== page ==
“Bradykinesia” is the medical term for movements that are slower than expected. For instance, it may take you longer to stand up or button your shirt. You also might not make automatic movements like swinging your arms while walking. It can even affect your facial expressions. This is a common symptom of movement conditions like Parkinson’s disease. Treatment options are available.


What is bradykinesia?

Bradykinesia is slowed movement. It affects your voluntary motions (what you tell your body to do) and reduces the speed of automatic or repetitive motions (movements you don’t think about doing). It’s not a disease but rather a common symptom of movement conditions like Parkinson’s disease.

Bradykinesia can interfere with your daily routine. It can make it difficult to complete everyday tasks or make these tasks take much longer than usual.

If you experience bradykinesia, you may:

  • Not cross (fold) your arms and legs.
  • Blink your eyes less often.
  • Not swing your arms when walking.
  • Have trouble standing up or rolling over in bed.
  • Freeze or pause while moving.
  • Have trouble clapping your hands or tapping your fingers.

What are the first signs of bradykinesia?

What bradykinesia looks and feels like can vary from person to person. Early indications of bradykinesia may include:

  • Taking longer than expected to stand up from a sitting position.
  • Feeling emotion but not being able to show it (hypomimia).
  • Shuffling your feet when walking.
  • Having difficulty with fine motor skills like holding a pen and writing.

What does bradykinesia feel like?

Many people who experience bradykinesia report they feel the following:

Bradykinesia doesn’t affect the strength of your muscles. Instead, it affects how your brain communicates with them. Most people aren’t even aware they have bradykinesia. A provider usually detects it during an examination.


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Possible Causes

What causes bradykinesia?

A low level of dopamine in your brain causes bradykinesia. Dopamine is a hormone and a neurotransmitter. Its job is to send messages between nerve cells in certain parts of your brain. Low dopamine reduces how nerve cells talk to each other, causing bradykinesia.

Common causes of bradykinesia include:

Can you have bradykinesia without Parkinson's?

Yes. While Parkinson’s disease is the most common cause of bradykinesia, it’s possible to experience this symptom without a Parkinson’s disease diagnosis. Other movement conditions and certain medications can also cause this symptom.

Care and Treatment

How is bradykinesia treated?

Treatment for bradykinesia varies based on the cause but may include:

  • Taking medications.
  • Staying active and getting regular exercise.
  • Changing the dosage or type of medication you currently take.

Your healthcare provider will determine what caused this symptom and create a treatment plan that’s right for you. Your treatment may vary from someone else who has the same symptom.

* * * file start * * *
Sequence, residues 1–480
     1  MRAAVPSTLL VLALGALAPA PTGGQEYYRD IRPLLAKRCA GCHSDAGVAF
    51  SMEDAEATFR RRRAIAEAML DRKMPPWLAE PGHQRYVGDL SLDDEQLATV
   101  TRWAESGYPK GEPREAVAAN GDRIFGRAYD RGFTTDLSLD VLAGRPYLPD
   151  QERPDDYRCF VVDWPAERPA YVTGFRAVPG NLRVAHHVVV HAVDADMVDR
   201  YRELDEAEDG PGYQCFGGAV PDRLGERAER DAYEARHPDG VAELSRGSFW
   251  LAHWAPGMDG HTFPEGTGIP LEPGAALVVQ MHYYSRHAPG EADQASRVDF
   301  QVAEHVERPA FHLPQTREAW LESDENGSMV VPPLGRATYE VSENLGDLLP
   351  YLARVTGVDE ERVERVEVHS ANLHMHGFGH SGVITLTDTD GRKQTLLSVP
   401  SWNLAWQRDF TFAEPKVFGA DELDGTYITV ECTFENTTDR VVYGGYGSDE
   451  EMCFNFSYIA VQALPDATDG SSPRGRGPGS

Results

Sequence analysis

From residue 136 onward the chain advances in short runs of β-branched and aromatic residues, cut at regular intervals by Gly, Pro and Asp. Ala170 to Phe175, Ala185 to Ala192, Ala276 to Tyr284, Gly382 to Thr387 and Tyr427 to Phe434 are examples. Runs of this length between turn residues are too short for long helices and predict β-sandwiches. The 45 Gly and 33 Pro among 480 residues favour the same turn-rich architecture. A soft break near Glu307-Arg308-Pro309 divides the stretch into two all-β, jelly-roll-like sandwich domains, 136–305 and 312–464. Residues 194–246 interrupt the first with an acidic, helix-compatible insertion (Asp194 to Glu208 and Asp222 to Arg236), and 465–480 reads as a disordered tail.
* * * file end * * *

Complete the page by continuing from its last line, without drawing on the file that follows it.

What medications treat bradykinesia?

Common medications that treat bradykinesia include:

These medications can improve how dopamine communicates in your brain.

Side effects are possible when you take these medications. They vary by type. For example, while usually an early treatment option, levodopa’s effectiveness may decrease over time and this symptom can return. Your healthcare provider will help you manage this symptom by adjusting the medication type and dosage as necessary.

What are the possible complications of not treating bradykinesia?

If left untreated, bradykinesia can affect your ability to move. This can interfere with your daily routine and can make it slower or more difficult for you to complete tasks like:

  • Buttoning a shirt.
  • Brushing your teeth.
  • Using a knife to cut food.
  • Walking or standing up.

Talk to your healthcare provider if you have trouble completing your daily routine. They can offer advice or connect you with resources to prevent injury and help you when you need it at home.


Can bradykinesia be prevented?

There’s no known way to entirely prevent bradykinesia.

If this symptom is a side effect of a medication, your healthcare provider will adjust the dosage or type of medication. Don’t make changes to your medications unless a healthcare provider approves it.

When To Call the Doctor

When should bradykinesia be treated by a healthcare provider?

If you notice slowed movement in yourself or a loved one, contact a healthcare provider. Treatment is available to help you manage bradykinesia and other symptoms of its underlying cause.

A note from Cleveland Clinic

Watching a movie in slow motion can help you see what’s on the screen in greater detail. But when slow motion happens in real life, it can be frustrating to manage. You may feel like yourself, but then suddenly, your brain miscommunicates with your muscles. Now, it’s taking a lot longer to complete your daily routine.

For many people, bradykinesia becomes a pattern and can be challenging to self-identify. Often, a caregiver or loved one may point out the changes to your movement. You may feel overwhelmed learning about bradykinesia, but a healthcare provider can walk you through treatment options to help you manage this symptom.

Medically Reviewed

Last reviewed on 11/30/2023.

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